After 25 Years, My Mexican American Vote Finally Counts

·6  min de lectura

Tu Voto y el Censo: Hazte Contar!

Tu Voto y el Censo: Hazte Contar!

I came to the United States at nine months old, and it took 25 years for me to become a United States citizen. Twenty-five long years with infinite hurdles before I could exhale. This is the unfortunate reality for most undocumented immigrants still going through the naturalization process, many of whom will continue fighting for rightful citizenship through the upcoming presidential election.

The coronavirus pandemic has caused a backlog of pending naturalization applications that just continues to grow, meaning that some would-be citizens will not be eligible to vote in time for this critical election. For this reason alone, it is imperative for all newly naturalized citizens to vote and to speak up for those going through what was once our own reality. As a first-time voter, my vote will be for the DREAMers who can't vote and for the undocumented families longing for a future of acceptance and opportunity.

My naturalization process began in 1993 when my application for residency was filed, but I didn't become aware of my undocumented status until junior high. Like many others in my shoes, I kept this newfound knowledge a secret for many years. Living in a predominantly white neighborhood didn't help much, either. The fear of my own friends outing me, or getting separated from my family, or even the sense of embarrassment knowing that I was "different," presented a trauma that I wouldn't recognize until adulthood.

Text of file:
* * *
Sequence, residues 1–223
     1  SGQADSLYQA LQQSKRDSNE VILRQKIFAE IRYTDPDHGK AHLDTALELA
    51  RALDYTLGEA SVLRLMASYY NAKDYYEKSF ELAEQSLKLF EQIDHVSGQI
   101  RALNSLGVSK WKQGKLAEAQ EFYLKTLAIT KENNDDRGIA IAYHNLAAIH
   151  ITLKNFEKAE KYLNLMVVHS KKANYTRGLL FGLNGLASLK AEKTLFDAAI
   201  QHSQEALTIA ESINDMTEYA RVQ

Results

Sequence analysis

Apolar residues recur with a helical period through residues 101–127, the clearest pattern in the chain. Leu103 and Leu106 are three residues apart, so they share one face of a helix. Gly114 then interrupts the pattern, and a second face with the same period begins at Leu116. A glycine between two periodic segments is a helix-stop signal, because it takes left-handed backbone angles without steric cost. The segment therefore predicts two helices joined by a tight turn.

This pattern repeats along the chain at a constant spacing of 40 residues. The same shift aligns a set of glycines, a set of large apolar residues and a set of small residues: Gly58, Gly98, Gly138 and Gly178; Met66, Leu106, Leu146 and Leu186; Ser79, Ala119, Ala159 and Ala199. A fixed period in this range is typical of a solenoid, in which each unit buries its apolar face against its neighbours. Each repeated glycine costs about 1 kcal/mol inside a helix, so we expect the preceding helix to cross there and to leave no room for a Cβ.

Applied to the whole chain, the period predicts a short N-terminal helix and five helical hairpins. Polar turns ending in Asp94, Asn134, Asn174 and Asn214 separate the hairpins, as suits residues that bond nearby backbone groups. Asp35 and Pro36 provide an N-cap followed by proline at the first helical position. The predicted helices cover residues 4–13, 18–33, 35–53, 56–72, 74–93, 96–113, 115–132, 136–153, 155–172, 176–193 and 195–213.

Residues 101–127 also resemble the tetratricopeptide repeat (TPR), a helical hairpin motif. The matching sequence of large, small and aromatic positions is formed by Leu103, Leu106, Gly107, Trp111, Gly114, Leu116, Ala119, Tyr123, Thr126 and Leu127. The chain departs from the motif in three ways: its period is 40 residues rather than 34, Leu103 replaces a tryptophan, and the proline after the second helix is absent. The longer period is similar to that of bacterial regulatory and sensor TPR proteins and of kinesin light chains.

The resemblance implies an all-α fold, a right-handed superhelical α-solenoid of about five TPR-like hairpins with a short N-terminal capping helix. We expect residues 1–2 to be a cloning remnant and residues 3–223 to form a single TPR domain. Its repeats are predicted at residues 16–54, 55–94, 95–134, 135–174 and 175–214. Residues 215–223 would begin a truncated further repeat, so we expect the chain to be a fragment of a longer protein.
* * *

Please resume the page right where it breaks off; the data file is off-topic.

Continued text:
Courtesy the Author The author in Mexico City, where she was born.

But it wasn't until high school that I began to feel truly helpless. The chatter of post-graduate plans filled the hallways, but I knew there wouldn't be any planning for me. My plan was simply to survive. I knew that until I was granted residency, and hopefully (one day) citizenship, I would not have the same opportunities as my counterparts. So until then, following in the footsteps of other undocumented immigrants, it was seguir echándole ganas — keep pushing forward — because living in los Estados Unidos is a dream in itself, right?

At that time in my life, I believed that being in America, the land of possibility, was enough. I accepted that college wasn't a part of my immediate reality. Back then, the term "DACA" — the Deferred Action for Childhood Arrivals program — was being thrown around with little context, and I wasn't willing to ask my teachers about it. Being persecuted was not a chance I was willing to take. It was a fear that stemmed from the simple fact that my teachers and friends lived with a privilege that wasn't available to me. I not only started giving up on school, but I also began hanging with the wrong crowd. I figured, if I can't go to college and become "successful," then why even try?

Unfortunately, this is the mental burden of many undocumented students. And it's not because our parents don't look out for us or push us to do our best, but because we're brought up in a society that seems to fight against us at every step we take to be better. The emotional toll is exhausting.

I was lucky, though. I received my final interview notice for residency (to get my green card) during my senior year of high school. It was a chance to turn my life around in a matter of months and start applying to colleges. But most of all, it was the thought that I could finally live freely — a relief that all undocumented children hope for.

Getty Images